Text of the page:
Since 2016 the U.S. intelligence agencies have alleged that foreign state-backed hackers had been targeting the U.S. local and state government agencies. Among them, the most talked about is Russia. On various occasions, cybersecurity researchers and the U.S. intelligence agencies have warned about Russian hackers' attempts but now the U.S. national security officials say that they were successful on two occasions, stealing sensitive data.

The U.S. Department of Homeland Security's Cybersecurity and Infrastructure Security Agency (CISA) and the Federal Bureau of Investigation, on Thursday, said that a Russian hacker's group called Energetic Bear was responsible for the stolen data. The group, also known as Dragonfly, TeamSpy and Berserk Bear among various other names, was actively targeting U.S. government networks including state, local, territorial, and tribal (SLTT) agencies in the last couple of months.

Cyber Crime
State-sponsored Russian hackers were able to steal sensitive data from federal agency networks (representational image)

Sensitive Information Stolen

While the names of the government agencies from where the data was stolen were not revealed, the hackers were able to get away with sensitive network configuration and passwords, shared operating procedures (SOP), vendors, purchasing information and printing access badges amongst others, the joint alert said.

"The Russian state-sponsored APT actor has targeted dozens of SLTT government and aviation networks, attempted intrusions at several SLTT organizations, successfully compromised network infrastructure, and as of October 1, 2020, exfiltrated data from at least two victim servers," CISA and FBI in a joint statement said.

How Did They Do It?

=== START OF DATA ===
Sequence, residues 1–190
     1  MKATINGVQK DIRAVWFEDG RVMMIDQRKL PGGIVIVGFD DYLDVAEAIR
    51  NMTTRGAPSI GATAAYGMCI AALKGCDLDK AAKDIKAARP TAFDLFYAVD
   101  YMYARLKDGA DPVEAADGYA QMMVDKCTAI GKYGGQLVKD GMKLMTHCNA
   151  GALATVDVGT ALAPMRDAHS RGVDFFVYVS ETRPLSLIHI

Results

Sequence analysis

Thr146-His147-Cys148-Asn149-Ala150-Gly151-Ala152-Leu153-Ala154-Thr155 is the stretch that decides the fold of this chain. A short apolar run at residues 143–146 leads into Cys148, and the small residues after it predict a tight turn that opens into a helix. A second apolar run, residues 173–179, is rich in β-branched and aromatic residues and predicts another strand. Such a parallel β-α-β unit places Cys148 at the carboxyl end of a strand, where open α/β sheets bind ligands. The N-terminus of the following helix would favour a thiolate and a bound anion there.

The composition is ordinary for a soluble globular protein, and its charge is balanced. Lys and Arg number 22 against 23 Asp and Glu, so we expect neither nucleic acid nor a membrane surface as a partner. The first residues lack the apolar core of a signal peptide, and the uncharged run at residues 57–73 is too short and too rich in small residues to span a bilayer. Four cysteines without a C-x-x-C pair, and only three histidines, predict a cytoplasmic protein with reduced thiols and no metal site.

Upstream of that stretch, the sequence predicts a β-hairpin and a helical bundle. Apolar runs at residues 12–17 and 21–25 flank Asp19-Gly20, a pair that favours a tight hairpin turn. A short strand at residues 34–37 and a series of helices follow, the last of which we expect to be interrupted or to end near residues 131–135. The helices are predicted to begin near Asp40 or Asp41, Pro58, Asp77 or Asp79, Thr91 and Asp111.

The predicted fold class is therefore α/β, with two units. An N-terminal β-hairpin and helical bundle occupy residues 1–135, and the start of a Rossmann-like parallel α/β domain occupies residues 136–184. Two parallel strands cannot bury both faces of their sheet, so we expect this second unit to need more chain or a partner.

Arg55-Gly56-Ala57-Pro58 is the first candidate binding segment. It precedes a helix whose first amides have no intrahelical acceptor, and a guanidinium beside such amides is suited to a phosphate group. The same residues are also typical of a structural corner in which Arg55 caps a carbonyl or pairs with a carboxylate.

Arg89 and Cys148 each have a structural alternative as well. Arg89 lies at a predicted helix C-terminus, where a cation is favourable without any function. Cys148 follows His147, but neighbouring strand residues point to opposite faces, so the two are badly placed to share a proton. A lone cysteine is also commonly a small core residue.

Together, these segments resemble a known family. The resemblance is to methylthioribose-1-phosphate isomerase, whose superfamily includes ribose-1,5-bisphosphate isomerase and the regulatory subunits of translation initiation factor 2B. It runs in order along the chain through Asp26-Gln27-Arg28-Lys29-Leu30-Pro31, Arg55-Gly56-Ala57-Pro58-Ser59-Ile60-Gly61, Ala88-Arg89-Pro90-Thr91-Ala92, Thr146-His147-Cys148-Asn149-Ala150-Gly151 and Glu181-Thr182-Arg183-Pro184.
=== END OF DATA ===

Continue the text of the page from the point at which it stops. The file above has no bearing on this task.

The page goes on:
CISA also revealed the technical details of the hacking attempts. As per the alert, Russian hackers used several methods to gain access that included brute-force attacks, SQL injection techniques and exploited known vulnerabilities of Fortinet, Microsoft Exchange servers and Citrix.

Server
The Zerologon vulnerability allowed hackers one-click access to networks (representational image) Pixabay

The hackers also exploited the Windows server's Zerologon vulnerability that allowed them one-click access to the network. Using that, hackers could escalate privilege on Active Directory servers. Apart from that, they utilized compromised Microsoft Office 365 accounts.

In September, CISA said in a statement that the Zerologon might have been used by hackers in the wild. It also urged government agencies to immediately patch the networks. However, it appears that not every department took CISA's warning seriously.

Also, in September, the agency revealed that one of the federal agencies was breached using a sophisticated custom malware (inetinfo.exe) to exploit Pulse Secure VPN's vulnerability. The hacker managed to copy files to a locally mounted hard drive but the agency could not confirm if the data was exfiltrated. But it's possible that the hacker was able to get away with the data.

However, the FBI and CISA said that there was no evidence that the hacked data was used to disrupt services in the U.S. but they warned that the data might be used in future attacks.

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"To date, the FBI and CISA have no information to indicate this APT actor has intentionally disrupted any aviation, education, elections, or government operations. However, the actor may be seeking access to obtain future disruption options, to influence the U.S. policies and actions, or to delegitimize SLTT government entities," the alert said.

Voter Information Stolen

The joint alert came just a day after The U.S. Director of National Intelligence, John Ratcliffe, said in a press conference that hackers from Iran and Russia obtained vital voter information to interfere in the presidential election. It was also disclosed that Iranian hackers posed as 'Proud Boys' and sent spoofed emails to Democrat voters, threatening them to vote for President Donald Trump.

The senders of the emails said that they had access to personal information of the voters by gaining access to the U.S. voting infrastructure. As per ProofPoint, a cybersecurity firm, the emails were sent to voters also contained a fake video showing individual ballot with someone's information. Ratcliffe said the emails were designed to intimidate voters. However, both Iran and Russia have denied the claims.